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AbyssAndApex #27 #3rd Quarter 2008
Edited by Wendy S. Delmater
Review by Sam Tomaino
Abyss & Apex  ISBN/ITEM#: ABYSSANDAPEX200
Date: 26 July 2008

Links: Magazine Website / Pub Info / Table of Contents /

AbyssAndApex #27 is here with stories by Joanne Steinwachs, Marissa K. Lingen, Nye Joell Hardy, Alexandra McKenzie, Camille Alexa and Ken Scholes.

The newest issue of online magazine AbyssAndApex is #27 with some well-written stories, all of which got a Very Good from me

The stories begin with "The Number of Angels in Hell" by Joanne Steinwachs. On Epsilon Eridani Five, called Hell by its residents, people are outfitted with wings so they can get around. A faulty implant causes a madness called "godhead" in which people fancy themselves angels who go out to meet God. They expose themselves to the elements and die. Harry's wife and brother-in-law had been the first victims and had infected and wiped out their colony. Harry is at first assigned to kill the infected before they infect others. Then, a more practical profession is devised for him. Steinwachs has created a haunting story here.

"Väinämöinen and the Singing Fish" by Marissa K. Lingen is set long ago in a land called Saamemaa, where "there lived a charmer named Joukahainen". This means that he can sing great charms that are magic. He challenges the great Väinämöinen to a duel and loses. To save his life, he promises Väinämöinen his sister's hand in marriage. Naturally, the sister has other ideas. Lingen has written a charming little fairy tale.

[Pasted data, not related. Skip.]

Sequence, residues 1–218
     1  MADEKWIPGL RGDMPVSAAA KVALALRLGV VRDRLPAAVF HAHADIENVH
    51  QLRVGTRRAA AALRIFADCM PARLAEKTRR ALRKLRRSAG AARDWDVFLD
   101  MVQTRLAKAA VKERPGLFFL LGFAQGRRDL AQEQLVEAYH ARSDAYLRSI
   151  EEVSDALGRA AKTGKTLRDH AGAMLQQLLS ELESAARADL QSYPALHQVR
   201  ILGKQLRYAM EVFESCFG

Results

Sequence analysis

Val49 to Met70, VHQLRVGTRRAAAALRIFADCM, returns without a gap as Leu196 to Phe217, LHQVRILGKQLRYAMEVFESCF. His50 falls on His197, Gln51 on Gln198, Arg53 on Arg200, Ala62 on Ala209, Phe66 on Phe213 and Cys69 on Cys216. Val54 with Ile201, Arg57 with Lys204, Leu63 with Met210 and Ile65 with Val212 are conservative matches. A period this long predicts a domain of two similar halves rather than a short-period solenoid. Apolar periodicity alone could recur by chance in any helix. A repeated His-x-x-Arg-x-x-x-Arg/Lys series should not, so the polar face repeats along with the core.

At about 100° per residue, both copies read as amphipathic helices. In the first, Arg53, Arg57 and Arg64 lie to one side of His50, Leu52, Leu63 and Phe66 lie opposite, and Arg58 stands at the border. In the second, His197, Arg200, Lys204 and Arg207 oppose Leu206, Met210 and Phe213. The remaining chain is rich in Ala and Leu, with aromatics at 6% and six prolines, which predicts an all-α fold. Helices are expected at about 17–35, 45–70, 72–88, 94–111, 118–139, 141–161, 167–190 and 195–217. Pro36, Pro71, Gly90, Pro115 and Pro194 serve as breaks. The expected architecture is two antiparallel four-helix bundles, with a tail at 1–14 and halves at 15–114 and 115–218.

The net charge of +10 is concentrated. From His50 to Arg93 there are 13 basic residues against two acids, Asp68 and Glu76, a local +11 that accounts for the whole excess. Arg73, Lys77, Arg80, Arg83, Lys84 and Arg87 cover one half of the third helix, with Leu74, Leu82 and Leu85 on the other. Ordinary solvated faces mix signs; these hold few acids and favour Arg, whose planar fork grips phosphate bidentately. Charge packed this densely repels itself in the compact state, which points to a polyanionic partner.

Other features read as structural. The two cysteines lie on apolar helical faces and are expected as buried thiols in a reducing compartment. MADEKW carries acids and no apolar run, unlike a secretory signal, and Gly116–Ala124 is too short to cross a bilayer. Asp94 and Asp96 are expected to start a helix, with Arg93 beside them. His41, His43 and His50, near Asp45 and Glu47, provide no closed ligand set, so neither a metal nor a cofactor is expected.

Nye Joell Hardy's "Praxitales" is the name of a man who is actually the brain of a dolphin, transplanted into a dead man's body. Helene Connor is a graduate assistant, sent to the facility that takes care of him. She does not believe that he could actually be a dolphin. She finds out more than she anticipates in this touching tale.

"Walking Across the Bomb" by Alexandra McKenzie is set in September, 1969 in "Atomic City" (Richland, WA). Emily Hargood wonders why things are disintegrating around her school. From her Downs' Syndrome sister (getting messages from a Japanese doll) she concludes it's because of "gloating" about the destruction of Nagasaki. While it gets a little wearying how stupid her classmates can be, this is still an interesting take on doing the right thing.

We also have two flash-fiction stories. In "The Green Infinity" by Camille Alexa, a woman faces the consequences of her husband's unorthodox cancer treament. Ken Scholes' "The Night the Stars Sang Out My Name" takes place in the mind of a soldier of the future who finds out who is real friend is.

Abyss and Apex is an online magazine with talented contributors. They fund themselves with PayPal donations. Check them out at www.abyssandapex.com.

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